A few years after I was born,
my Dad met a stranger
who was new to our small town.
From the beginning,
Dad was fascinated with this enchanting newcomer
and soon invited him..to live with our family.
The stranger was quickly accepted
and was around from then on.
As I grew up,
I never questioned his place in my family.
In my young mind, he had a special niche.
My parents were complementary instructors:
Mom taught me good from evil,
and Dad taught me to…obey.
But the stranger…
he was our story-teller.
He would keep us spellbound for hours
on end with adventures,mysteries and comedies.
If I wanted to know anything about politics,
history or science, he always knew
the answers about the past,
understood the present and even seemed able
to predict the future!
He took my family to the first major
league ball game.
He made me laugh, and he made me.. cry.
The stranger never stopped talking,
but Dad didn’t seem to mind.
Sometimes, Mom would get up quietly
while the rest of us
were shushing each other to listen
to what he had to say, and she would go
to the kitchen for peace and quiet.
(I wonder now if she ever prayed
for the stranger to leave.)
Dad ruled our household
with certain moral convictions,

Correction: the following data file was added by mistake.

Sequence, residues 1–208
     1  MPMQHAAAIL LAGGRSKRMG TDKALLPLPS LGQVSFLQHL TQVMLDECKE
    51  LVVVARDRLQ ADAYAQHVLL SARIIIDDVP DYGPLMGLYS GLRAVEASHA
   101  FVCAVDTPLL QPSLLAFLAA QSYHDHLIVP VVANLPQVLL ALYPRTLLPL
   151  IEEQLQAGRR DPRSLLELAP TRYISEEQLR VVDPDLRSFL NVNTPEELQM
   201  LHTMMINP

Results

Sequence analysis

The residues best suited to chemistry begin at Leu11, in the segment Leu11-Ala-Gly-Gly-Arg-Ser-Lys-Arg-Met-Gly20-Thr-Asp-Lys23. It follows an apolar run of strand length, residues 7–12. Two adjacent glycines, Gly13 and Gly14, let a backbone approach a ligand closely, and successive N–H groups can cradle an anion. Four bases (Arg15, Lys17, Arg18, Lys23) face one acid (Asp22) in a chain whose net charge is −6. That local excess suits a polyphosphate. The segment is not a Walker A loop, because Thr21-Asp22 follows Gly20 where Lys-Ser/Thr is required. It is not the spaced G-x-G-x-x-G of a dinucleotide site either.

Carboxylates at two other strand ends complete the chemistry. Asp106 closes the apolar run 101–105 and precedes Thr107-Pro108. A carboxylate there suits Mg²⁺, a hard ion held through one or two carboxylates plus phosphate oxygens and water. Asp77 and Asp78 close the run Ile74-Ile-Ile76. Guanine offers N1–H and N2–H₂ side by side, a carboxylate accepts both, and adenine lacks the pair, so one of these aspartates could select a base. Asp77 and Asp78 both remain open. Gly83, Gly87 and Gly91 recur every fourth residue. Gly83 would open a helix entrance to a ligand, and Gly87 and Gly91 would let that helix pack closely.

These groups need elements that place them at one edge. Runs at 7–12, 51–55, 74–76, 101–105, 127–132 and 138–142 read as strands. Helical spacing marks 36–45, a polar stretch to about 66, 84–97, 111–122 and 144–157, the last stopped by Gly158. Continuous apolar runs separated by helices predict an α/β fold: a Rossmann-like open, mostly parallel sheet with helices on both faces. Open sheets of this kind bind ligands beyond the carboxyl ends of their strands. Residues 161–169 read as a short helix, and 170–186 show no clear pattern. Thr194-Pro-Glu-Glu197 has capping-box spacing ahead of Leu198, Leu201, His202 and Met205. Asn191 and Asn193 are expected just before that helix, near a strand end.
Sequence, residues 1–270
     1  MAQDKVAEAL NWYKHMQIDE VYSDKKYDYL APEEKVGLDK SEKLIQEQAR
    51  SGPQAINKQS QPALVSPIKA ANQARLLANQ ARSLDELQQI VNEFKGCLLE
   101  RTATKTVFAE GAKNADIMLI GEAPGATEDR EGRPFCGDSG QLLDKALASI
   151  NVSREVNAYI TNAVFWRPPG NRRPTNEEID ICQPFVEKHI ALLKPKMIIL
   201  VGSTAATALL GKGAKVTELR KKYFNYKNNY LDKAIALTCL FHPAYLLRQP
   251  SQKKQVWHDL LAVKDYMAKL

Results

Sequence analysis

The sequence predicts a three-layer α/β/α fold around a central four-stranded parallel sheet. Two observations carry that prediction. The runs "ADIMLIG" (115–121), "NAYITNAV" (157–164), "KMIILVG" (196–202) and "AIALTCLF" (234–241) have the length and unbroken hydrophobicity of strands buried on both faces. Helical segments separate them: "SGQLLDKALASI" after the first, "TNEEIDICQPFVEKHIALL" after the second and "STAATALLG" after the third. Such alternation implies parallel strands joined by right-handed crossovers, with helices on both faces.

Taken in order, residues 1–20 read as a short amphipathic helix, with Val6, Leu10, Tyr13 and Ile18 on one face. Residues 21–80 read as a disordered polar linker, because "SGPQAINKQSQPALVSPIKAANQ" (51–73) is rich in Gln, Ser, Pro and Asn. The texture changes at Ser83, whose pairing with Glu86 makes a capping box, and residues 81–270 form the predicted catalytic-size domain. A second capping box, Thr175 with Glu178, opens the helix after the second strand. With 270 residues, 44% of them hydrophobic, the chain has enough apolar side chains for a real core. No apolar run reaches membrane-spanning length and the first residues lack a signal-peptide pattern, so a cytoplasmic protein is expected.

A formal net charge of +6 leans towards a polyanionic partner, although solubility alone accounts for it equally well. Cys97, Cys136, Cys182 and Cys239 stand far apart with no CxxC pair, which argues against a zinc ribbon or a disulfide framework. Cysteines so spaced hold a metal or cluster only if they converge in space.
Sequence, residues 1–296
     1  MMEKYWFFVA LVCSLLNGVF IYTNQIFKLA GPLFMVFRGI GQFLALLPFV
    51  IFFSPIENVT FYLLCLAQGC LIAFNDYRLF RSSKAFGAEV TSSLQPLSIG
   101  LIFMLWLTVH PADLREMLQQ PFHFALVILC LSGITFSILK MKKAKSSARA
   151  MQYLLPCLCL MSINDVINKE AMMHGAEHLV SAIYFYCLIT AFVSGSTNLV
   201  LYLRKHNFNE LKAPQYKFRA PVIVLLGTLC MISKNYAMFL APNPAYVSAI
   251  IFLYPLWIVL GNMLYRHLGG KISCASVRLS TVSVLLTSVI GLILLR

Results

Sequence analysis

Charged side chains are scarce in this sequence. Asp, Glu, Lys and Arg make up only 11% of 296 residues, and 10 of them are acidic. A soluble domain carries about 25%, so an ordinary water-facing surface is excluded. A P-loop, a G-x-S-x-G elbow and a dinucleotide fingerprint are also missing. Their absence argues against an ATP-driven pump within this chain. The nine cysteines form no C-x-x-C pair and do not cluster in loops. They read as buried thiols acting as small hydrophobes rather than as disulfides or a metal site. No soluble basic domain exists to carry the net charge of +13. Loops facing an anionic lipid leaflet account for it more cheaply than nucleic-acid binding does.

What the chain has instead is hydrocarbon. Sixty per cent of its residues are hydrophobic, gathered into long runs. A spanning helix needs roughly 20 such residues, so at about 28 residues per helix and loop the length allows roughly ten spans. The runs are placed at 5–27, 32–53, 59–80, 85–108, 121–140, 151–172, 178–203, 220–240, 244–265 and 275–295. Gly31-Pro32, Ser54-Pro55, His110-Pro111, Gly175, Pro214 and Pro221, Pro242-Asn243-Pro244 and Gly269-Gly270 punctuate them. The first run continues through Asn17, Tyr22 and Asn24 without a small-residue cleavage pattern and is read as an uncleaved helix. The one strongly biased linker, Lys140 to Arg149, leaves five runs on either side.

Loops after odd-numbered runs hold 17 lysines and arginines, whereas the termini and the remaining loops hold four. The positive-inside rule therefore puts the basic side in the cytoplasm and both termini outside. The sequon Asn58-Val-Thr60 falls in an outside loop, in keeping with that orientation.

but the stranger never felt obligated to honor them.
Profanity, for example,
was not allowed in our home – not from us,
our friends or any visitors.
Our long time visitor, however, got away with
four-letter words that burned my ears and made
my dad squirm and my mother blush.
My Dad didn’t permit the liberal use of alcohol
but the stranger encouraged us to try it
on a regular basis.
He made cigarettes look cool, cigars manly,
and pipes distinguished.
He talked freely (much too freely!) about sex.
His comments were sometimes blatant,
sometimes suggestive,and generally embarrassing..
I now know that my early concepts
about relationships were influenced
strongly by the stranger.
Time after time, he opposed the values
of my parents, yet he was seldom rebuked…
And NEVER asked to leave.
More than fifty years have passed
since the stranger moved in with our family.
He has blended right in and is not nearly
as fascinating as he was at first.
Still, if you could walk into my parents’ den today,
you would still find him sitting
over in his corner,
waiting for someone to listen
to him talk and watch him draw his pictures.
We just call him ‘TV.’
(Note: This should be required
reading for every household!)
He has a wife now….we call her ‘Computer.’
Their first child is… «Mobile Phone».
Second child… «I Pod «
And JUST BORN WAS a Grandchild:
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